Angry opposition youths oppose Kenya compromise
Secretary of State Condoleezza Rice arrived in Kenya Monday to press for a power-sharing agreement.
The pile of stones blocking the road here in this western Kenyan city is part tribute to a fallen comrade and part challenge to Kenya's politicians as they talk peace.
"We cannot remove the stones until we know that [opposition leader Raila Odinga] is the president," says Eliazar Otieno Oluga, one of the unemployed youths who hang out in a corrugated iron shed at the edge of a slum.
This area is the heartland of support for Mr. Odinga, who narrowly lost the disputed Dec. 27 presidential election that most observers say was deeply flawed.
Odinga has made conciliatory statements during recent peace talks brokered by former United Nations Secretary-General Kofi Annan, and Secretary of State Condoleezza Rice arrived in Kenya Monday to urge both sides to agree to powersharing measures that diplomats hope will stem the violence that has killed more than 1,000 people and displaced more than 600,000. But Odinga faces pressure from his own supporters not to be too accommodating.
Angry youths don't want to compromise
The youths from his Luo ethnic group who burned buildings in Kisumu in the wake of the election say they will accept little in the way of compromise. The stones in the road – marking the spot where one their friends was shot by riot police – could quickly become missiles.
"We voted for a president, not a prime minister," says one. "The least we can accept is an interim government with a revote in six months."
The young men, who spend their days drinking or smoking bhang, the local name for marijuana, are typical of the dispossessed from whom Odinga draws much of his support.
He campaigned on a policy of majimbo – a form of devolved government that promised to share the benefits of Kenya's booming economy with those who felt they were missing out to members of President Mwai Kibaki's Kikuyu tribe.
In short, he offered his supporters hope.
Jaguba Nyabanda Anyango, a mechanic, says: "[Mr. Kibaki] has taken his people to the government. Now we want [Odinga] to take all Luos to government and provide jobs."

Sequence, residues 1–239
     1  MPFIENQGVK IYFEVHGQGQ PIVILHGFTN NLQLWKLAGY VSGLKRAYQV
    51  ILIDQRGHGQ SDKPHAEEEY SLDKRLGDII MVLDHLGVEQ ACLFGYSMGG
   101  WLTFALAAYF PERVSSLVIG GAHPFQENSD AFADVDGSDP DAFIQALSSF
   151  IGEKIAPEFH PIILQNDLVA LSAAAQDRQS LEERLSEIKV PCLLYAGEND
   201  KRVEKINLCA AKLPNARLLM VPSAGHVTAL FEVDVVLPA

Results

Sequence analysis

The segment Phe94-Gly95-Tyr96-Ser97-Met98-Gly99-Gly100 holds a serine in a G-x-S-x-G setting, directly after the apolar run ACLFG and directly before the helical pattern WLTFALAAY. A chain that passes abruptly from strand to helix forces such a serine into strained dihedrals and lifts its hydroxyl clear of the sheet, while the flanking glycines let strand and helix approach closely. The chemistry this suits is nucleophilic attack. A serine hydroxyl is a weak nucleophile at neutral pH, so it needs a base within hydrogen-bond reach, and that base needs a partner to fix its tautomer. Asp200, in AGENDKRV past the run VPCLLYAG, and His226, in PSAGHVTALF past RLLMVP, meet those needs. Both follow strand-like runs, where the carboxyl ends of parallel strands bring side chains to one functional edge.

Without Odinga in the State House, they all say they will rip up their voting cards and turn their backs on Kenya's political system.
But first, they will burn what is left of Kisumu's once pretty city center.
"That is automatic if [Odinga] betrays us," says one of the young men.
Sharing power is key to a peace deal
On Friday, Mr. Annan announced a 10-point plan for electoral and constitutional reform agreed to by both sides.
But there was no word on the crucial question of a deal to share power.
Ms. Rice spent an hour Monday being briefed by Annan ahead of meetings with Odinga and Kibaki.
"There needs to be a governance agreement that allows real power sharing, that will allow a coalition – a grand coalition – so that Kenya can be governed," she said.
The two sides are deadlocked over a new position of prime minister, which probably would be offered to Odinga.
Opposition supporters want the position to assume much of the president's executive powers, but Kibaki's government sees the prime minister as a much more modest position.
Meanwhile, the international community is doing its best to keep pressure on the rivals to reach an agreement.
Kibaki has tried to maintain a policy of "business as usual" since being sworn in at the end of December, playing down the scale of the crisis and cementing his position as head of state.
That leaves Odinga as the key to a deal, says Philip Ochieng, a columnist with The Daily Nation newspaper.
"There's intransigence on both sides – but especially on the government side," he says. "So it seems it's up to [Odinga] to save the country by yielding more ground."
But Odinga's supporters are not making it easy for him to yield, and there's no telling how they'll react if Odinga signs an agreement that they think gives Kibaki too much power
Whatever happens during the political talks, Kenya will be left with open wounds that need long-term solutions.
"There needs to be a very major effort to reconcile communities, to get them to start talking to each other, to address some of the problems between them in ways that do not involve them driving each other out with machetes and bows and arrows," he said after returning from a recent tour of the trouble spots. "That's a long-term effort."